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Tuesday, February 7, 2012

50 Years Ago - American Atlas problems delay launch

Friendship 7 on Atlas rocket.

Fifty years ago, it was the USA experiencing all sorts of rocket problems. NASA was behind the Russians on launching men into orbit of the Earth, and was eager to send up astronaut John Glenn in the Mercury Capsule, nicknamed "Friendship 7," on top the Atlas rocket. The Atlas had more thrust and fuel than the Redstone, used to launch Alan Shepard and Gus Grissom into sub-orbital flights over the Atlantic.

The launch would have taken place on January 27, but weather played a part in cancelling that flight. Astronaut Glenn had patiently waited for more than five hours strapped in the capsule until word came down that the bad weather would prevent flight controllers from monitoring his liftoff during the first critical few minutes.

Then on January 30, worse news was given to the press and the waiting American public: a fuel leak in the Atlas booster would need repairs. As John Glenn put it: "Sure, I'm disappointed, but this is a complicated business. I don't think we should fly until all elements of the mission are ready. When we have completed all our tests satisfactorily then we'll go." On February 1st, NASA announced that repairs would be completed by February 13, and the flight could be launched then.

John Glenn practices entering Friendship 7, with the help of Gunther Wendt, the famous German rocket scientist-turned-American-rocket-engineer-now-pad leader who led the team of engineers working on the launch pad.

Also on February 1st, the American public began showing their frustration with the delays. Politics were involved in space back in 1962, just like today. Congressman James G. Fulton, who was the top Republican on the House Committee on Science and Astronautic, said "There's no doubt our overall space program is slipping despite the high words and fine praise coming from the White House... if it continues to slip we'll be lucky to get a man on the Moon before 1980."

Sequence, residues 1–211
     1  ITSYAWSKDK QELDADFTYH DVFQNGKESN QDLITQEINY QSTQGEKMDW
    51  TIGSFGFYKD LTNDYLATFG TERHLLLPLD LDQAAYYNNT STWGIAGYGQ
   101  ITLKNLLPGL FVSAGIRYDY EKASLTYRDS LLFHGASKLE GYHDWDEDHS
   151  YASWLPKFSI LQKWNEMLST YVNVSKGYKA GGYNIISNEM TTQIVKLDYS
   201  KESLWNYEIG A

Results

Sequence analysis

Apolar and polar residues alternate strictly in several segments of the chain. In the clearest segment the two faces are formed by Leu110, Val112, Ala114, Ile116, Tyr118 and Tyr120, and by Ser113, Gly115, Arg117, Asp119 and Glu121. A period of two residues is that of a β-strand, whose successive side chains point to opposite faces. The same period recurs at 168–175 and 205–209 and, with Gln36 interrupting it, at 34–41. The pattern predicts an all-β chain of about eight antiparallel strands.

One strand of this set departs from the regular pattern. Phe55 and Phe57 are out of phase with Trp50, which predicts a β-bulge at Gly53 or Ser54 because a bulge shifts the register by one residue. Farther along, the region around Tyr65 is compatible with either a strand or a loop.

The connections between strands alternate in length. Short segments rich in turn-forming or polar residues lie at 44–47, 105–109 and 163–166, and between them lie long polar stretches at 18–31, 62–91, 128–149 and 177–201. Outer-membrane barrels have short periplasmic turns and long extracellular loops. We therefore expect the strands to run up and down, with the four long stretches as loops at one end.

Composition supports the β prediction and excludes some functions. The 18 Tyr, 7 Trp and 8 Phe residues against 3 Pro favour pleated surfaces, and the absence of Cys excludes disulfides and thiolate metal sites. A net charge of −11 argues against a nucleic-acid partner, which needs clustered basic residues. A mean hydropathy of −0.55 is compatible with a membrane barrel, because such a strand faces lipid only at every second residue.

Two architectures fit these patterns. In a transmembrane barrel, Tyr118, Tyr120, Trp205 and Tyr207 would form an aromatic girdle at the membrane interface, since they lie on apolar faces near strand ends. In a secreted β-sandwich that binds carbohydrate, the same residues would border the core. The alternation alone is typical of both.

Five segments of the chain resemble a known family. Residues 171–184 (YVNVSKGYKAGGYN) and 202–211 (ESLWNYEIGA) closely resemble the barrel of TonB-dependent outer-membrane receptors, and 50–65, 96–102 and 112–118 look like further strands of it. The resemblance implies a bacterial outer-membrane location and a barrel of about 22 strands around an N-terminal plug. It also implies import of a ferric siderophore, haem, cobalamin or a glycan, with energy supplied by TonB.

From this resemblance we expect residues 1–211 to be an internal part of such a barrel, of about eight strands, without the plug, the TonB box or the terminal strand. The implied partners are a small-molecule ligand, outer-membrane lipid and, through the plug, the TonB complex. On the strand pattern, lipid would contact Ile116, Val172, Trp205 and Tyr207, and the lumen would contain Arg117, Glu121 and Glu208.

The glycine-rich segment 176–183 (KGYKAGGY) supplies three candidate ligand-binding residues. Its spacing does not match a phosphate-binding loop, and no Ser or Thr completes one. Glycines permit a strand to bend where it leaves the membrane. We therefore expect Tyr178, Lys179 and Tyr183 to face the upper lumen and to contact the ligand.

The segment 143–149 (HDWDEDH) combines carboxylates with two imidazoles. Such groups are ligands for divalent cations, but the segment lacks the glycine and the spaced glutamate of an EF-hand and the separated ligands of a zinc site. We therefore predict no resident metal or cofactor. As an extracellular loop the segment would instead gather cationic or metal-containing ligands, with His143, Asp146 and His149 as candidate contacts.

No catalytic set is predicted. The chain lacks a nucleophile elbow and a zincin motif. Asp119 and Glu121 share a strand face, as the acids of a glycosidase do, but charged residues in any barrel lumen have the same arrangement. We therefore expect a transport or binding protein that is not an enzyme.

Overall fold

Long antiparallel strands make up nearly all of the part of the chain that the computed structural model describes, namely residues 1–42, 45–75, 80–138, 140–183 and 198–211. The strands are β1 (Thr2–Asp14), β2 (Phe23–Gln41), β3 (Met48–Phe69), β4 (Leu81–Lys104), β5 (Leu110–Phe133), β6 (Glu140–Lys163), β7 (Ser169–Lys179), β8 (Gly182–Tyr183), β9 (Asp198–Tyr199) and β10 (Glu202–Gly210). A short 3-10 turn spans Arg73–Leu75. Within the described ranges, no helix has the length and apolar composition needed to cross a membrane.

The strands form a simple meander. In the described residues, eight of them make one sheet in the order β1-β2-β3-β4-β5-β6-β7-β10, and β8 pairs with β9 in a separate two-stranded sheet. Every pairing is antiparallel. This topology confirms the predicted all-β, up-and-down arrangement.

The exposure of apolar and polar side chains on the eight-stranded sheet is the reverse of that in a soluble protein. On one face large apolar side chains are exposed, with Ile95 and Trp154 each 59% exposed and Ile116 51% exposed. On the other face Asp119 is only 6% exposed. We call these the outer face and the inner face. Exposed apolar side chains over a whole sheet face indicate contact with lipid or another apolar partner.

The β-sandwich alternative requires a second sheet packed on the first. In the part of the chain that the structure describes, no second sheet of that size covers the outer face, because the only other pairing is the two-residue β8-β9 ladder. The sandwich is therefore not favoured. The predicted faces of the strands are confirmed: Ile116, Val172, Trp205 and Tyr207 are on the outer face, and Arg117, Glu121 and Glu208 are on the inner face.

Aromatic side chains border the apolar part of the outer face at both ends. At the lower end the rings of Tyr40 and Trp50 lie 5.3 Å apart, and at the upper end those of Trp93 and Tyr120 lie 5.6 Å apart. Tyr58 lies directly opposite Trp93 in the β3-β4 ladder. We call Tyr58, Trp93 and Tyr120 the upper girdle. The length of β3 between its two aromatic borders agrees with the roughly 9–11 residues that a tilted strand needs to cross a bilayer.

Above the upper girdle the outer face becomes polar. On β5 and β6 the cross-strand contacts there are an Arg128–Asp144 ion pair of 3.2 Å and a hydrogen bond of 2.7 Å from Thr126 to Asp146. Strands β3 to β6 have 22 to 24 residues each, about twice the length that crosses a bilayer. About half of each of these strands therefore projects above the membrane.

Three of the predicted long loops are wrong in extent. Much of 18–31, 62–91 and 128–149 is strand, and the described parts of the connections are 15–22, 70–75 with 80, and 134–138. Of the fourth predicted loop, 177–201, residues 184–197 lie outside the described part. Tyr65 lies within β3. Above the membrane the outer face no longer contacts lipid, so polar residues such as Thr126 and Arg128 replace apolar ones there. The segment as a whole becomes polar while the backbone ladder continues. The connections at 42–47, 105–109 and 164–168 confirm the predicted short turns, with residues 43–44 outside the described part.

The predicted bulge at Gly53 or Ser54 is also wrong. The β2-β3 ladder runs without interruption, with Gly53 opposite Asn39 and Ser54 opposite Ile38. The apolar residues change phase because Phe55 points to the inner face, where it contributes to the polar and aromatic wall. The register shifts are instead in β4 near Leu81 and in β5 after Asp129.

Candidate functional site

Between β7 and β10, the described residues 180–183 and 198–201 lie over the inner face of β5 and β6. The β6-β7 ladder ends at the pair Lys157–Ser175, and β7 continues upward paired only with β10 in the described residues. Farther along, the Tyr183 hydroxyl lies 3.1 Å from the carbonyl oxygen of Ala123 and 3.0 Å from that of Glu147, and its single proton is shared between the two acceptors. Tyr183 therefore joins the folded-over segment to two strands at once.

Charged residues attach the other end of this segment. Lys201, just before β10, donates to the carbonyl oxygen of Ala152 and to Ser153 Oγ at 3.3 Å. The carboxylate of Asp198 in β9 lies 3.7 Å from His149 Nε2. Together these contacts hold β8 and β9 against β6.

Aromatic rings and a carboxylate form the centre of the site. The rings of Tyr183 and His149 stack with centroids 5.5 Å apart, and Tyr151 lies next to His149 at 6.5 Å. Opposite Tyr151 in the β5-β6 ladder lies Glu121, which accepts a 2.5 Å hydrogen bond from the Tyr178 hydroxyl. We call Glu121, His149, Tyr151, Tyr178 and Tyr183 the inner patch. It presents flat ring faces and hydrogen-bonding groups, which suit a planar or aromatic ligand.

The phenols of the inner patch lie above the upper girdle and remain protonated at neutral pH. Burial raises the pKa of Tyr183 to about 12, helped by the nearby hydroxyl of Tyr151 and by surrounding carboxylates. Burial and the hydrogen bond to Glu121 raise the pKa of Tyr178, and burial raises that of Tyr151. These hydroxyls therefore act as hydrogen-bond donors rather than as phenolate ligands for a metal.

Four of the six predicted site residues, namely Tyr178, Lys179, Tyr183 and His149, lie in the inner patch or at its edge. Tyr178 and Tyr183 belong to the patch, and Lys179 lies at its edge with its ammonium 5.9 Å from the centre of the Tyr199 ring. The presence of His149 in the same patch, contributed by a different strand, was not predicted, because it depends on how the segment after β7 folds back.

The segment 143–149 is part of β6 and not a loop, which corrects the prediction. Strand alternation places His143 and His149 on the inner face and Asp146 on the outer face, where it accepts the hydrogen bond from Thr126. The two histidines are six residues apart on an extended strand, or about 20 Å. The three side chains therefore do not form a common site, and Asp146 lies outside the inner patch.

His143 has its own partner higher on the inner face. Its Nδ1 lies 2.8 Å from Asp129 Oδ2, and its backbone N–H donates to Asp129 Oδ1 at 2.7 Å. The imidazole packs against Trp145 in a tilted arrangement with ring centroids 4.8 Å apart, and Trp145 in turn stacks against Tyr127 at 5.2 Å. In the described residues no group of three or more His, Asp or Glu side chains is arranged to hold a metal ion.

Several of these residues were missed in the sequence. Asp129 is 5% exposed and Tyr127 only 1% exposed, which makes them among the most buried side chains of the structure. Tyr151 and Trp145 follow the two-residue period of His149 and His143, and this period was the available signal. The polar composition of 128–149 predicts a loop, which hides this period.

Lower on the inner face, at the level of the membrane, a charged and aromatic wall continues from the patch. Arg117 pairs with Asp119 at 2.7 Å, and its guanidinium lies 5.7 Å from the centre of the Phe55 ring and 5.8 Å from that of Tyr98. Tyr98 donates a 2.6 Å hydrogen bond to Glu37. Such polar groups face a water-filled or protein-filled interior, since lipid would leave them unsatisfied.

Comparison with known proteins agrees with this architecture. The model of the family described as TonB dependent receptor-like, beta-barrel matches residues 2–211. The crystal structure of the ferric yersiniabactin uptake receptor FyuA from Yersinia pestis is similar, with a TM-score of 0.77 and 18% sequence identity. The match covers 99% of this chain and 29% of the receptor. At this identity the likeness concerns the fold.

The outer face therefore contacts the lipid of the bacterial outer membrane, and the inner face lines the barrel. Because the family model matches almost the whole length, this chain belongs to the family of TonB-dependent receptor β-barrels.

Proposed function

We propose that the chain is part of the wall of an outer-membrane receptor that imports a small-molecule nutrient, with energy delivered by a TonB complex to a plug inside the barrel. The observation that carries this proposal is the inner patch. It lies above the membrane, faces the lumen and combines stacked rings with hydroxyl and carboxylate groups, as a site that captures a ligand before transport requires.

Remaining positive, on February 3rd Glenn announced to the press that the scheduled rocket flight on February 13th "can only bode success." He was still unaware, of course, of further delays to come.

Meanwhile, on February 4th, the world was quite relieved to see a prediction fail to come to pass. It just so happened that Hindu astrologers had predicted that because of an unusual alignment of five planets and the Sun occurred. According to their prediction, a previously unknown and invisible planetoid named Khentu would also move into alignment and cause Earthly disasters. Of course, nothing happened, and the Indian Prime Minister chided the astrologers and their public believers for such nonsense.

Posted by Mark Daymont
Spacerubble.blogspot.com
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